Just when we thought he couldn’t possibly be any worse, he goes and does something like that … and totally redeems himself!
No, kicker Robert Aguayo’s game-winning field goal doesn’t yet justify the organization’s use of a second-round pick on him. But it allowed the Bucs to steer away from dumbest-move-in-franchise-history territory for moment, at least.
Despite two more misses and six more points left on the table, Aguayo’s 38-yard make at the buzzer earns him a little reprieve.
The same can’t be said for everyone, however. Below is PewterReport.com’s Most Disappointing list from Monday night’s 17-14 Buccaneers’ win at Carolina.
DE HOWARD JONES
Jones wasn’t on the field much Monday night and the team probably wishes that playing time was even less after his damaging third-quarter error.
Trailing 7-6 and set to get the ball back after a Carolina three-and-out, Jones was hit with a 15-yard roughing the kicker penalty when he ran into punter Andy Lee. Armed with a fresh set of downs at the Bucs 45, Panthers quarterback Derek Anderson hit tight end Greg Olsen for 33 yards and running back Cameron Artis-Payne rushed into the end zone from 12 yards out.
One penalty. Two plays. Seven points. 14-6 Panthers.
It would be one thing if Jones was diving and just missed getting a hand on the punt, but he didn’t. He came off the Bucs’ left edge and then just ran into Lee.
Making matters worse for Jones is that that penalty was pretty much his only production Monday. Despite Tampa Bay’s battered defensive front, Jones didn’t play much on defense and didn’t record a single stat.
OFFENSIVE LINE PENALTIES
Tampa Bay committed only five penalties for 40 yards as a team, but three of them were charged against an offensive line that can’t stop drawing flags.
Adding to fans’ frustration Monday were the two that came with Tampa Bay facing third-and-1 situations.
Right guard Ali Marpet’s first-quarter false start on third-and-1 at the Carolina 36 was followed up by a Jameis Winston sack that pushed the Bucs out of scoring position.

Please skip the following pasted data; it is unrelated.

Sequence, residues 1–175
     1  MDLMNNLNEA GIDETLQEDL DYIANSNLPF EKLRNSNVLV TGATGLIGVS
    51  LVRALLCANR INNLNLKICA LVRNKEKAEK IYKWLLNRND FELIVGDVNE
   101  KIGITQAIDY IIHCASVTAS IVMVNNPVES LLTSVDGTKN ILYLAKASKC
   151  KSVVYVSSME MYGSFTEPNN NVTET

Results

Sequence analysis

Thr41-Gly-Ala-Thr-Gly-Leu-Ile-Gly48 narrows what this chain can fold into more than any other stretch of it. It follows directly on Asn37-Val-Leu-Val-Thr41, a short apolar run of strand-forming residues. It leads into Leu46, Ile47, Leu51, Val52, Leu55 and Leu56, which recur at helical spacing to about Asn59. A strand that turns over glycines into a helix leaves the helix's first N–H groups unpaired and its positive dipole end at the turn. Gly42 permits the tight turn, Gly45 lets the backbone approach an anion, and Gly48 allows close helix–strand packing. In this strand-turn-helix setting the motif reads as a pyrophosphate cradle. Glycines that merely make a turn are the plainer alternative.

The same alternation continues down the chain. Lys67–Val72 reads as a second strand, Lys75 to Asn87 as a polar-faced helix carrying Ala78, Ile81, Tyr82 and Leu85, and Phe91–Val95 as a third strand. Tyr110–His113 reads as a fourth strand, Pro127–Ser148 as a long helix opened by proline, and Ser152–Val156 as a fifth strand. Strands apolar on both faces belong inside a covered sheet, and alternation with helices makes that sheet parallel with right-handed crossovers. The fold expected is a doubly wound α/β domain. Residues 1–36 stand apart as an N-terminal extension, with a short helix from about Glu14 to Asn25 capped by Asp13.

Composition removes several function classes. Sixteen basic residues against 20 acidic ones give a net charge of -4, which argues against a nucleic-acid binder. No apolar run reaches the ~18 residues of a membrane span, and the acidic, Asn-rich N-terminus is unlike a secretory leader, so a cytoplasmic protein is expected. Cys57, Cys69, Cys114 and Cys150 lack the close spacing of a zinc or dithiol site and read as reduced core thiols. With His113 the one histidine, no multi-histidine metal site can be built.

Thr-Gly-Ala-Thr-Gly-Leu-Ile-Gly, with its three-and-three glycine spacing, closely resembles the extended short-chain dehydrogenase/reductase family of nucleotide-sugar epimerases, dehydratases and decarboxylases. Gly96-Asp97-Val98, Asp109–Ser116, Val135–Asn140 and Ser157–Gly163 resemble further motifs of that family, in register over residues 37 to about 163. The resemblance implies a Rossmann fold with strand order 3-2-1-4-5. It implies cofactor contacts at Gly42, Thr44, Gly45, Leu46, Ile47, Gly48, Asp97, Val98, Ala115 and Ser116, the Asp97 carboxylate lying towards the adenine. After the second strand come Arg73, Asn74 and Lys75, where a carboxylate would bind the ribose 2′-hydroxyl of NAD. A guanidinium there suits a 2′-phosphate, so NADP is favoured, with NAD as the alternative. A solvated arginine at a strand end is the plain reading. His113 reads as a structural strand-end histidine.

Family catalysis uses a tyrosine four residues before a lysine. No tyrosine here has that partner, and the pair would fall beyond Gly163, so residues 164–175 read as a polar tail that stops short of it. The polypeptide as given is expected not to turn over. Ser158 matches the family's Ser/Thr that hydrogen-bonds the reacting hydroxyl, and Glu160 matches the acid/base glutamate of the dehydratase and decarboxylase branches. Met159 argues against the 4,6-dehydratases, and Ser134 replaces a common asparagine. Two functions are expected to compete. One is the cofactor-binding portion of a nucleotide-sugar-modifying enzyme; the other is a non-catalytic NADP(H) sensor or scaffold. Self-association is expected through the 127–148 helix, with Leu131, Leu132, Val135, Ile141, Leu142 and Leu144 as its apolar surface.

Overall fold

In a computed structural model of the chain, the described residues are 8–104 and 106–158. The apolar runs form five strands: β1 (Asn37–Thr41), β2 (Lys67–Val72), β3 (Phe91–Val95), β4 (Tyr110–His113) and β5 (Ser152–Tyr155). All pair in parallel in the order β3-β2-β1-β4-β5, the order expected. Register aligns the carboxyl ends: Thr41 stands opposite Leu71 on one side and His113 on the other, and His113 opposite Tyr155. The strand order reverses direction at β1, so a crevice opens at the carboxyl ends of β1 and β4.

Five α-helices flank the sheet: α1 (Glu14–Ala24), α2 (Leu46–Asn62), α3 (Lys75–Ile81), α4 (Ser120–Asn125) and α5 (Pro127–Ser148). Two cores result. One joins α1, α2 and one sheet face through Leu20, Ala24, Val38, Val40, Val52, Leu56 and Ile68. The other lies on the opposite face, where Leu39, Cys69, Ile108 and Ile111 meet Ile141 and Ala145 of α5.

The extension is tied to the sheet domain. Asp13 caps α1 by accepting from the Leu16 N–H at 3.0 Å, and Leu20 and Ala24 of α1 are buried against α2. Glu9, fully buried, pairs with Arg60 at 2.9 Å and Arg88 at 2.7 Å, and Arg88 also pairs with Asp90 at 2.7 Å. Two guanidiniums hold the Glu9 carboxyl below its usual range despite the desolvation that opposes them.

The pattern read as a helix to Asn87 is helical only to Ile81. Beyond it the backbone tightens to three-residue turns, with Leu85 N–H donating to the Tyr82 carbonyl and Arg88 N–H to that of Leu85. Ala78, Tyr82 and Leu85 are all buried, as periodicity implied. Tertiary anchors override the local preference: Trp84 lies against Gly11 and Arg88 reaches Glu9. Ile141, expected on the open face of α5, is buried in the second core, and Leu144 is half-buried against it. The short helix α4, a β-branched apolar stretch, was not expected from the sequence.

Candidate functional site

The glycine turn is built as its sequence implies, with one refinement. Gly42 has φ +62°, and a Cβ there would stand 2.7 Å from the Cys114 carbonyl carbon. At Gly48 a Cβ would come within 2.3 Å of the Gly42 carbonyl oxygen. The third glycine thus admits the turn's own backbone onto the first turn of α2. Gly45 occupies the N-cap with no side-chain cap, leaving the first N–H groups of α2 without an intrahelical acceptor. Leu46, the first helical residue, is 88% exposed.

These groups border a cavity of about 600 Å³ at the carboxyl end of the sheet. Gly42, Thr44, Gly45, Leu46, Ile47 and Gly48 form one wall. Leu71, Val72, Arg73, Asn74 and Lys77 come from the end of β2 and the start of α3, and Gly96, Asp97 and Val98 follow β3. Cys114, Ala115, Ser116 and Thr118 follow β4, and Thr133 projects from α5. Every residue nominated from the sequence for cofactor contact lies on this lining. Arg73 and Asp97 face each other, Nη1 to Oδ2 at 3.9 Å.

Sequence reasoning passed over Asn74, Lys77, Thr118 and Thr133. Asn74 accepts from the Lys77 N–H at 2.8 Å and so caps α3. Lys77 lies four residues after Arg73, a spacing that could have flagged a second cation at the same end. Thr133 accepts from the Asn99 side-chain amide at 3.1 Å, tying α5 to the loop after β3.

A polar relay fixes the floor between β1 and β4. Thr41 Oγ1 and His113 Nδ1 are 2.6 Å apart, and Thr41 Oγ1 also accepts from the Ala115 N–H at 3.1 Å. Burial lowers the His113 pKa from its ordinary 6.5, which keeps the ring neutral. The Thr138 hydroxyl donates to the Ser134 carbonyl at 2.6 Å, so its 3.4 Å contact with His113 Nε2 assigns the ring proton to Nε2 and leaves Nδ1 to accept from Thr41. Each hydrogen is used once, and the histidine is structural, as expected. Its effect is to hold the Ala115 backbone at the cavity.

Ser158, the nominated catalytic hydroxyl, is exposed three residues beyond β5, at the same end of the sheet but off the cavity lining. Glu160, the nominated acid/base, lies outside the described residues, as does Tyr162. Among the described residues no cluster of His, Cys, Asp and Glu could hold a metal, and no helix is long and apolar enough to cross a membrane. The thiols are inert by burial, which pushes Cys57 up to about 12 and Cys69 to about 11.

Gosder Cherilus, who was reporting as eligible throughout the game, committed the same penalty even deeper in Carolina territory. He jumped on third-and-1 at the Panthers 5. Then Winston lost track of the play clock and pushed Tampa Bay back five more yards. Then Aguayo pegged the right upright from 33-yards out.
The unit’s third penalty was the night’s first and it came against right tackle Demar Dotson. The big fella held after getting beat around the edge and put himself back in a tie with New York Giants left tackle Ereck Flowers as the most penalized offensive linemen in the NFL. Both players have been flagged six times.
This is tough because of how decimated Tampa Bay is on the defensive line. Starting tackles Gerald McCoy and Clinton McDonald, and starting end Robert Ayers Jr. were all out. Throw in the season-long injuries to end George Johnson and Jacquies Smith, and it all adds up to the Bucs running out a shaky, piecemeal front four.
The replacements are still professionals, though, and the Bucs need players to step it up better than they did against Carolina’s banged up offense. The pass rush was nonexistent Monday night. Not only did the Bucs fail to sack backup quarterback Derek Anderson, they didn’t manage to register a single hit on him inside the pocket or record a single tackle for loss.
Newly acquired defensive tackle John Hughes III assisted on a tackle and rookie defensive end Noah Spence again didn’t play much, contributing one tackle.
Rookie defensive tackle DaVonte Lambert did make the biggest play of any defensive lineman in the third quarter, though, when he hit Anderson at the end of a scramble and caused a fumble recovered by defensive end William Gholston.
LB LAVONTE DAVID
The Bucs need more than what they got out of their star linebacker Monday night.
David recorded five total tackles (four assists and one solo) and was a step or more late on too many passing plays. Anderson exploited matchups like this one with Greg Olsen all night, allowing the tight end to post a career-high 181 yards on nine catches.
In David’s defense, he and other Bucs dropped back in pass coverage didn’t get much help from the aforementioned ineffective pass rush.
RED ZONE OFFENSE
Speaking of ineffective, that’s one way to describe Tampa Bay’s red zone offense.
The Bucs went 0-for-4 scoring touchdowns inside the Panthers 20, making the fact that they still managed to win the game even more incredible. Those four red-zone trips resulted in three Aguayo field goals and one miss. The Bucs got as deep as the Carolina 17 before all three made kicks and pushed all the way down to the 5 on the drive that resulted in zero points.
The 0-for-4 could really be looked at as 0-for-3, since the last one came on the final, game-winning drive, but it’s not a good way to go about winning football games. Touchdowns do that, not field goals.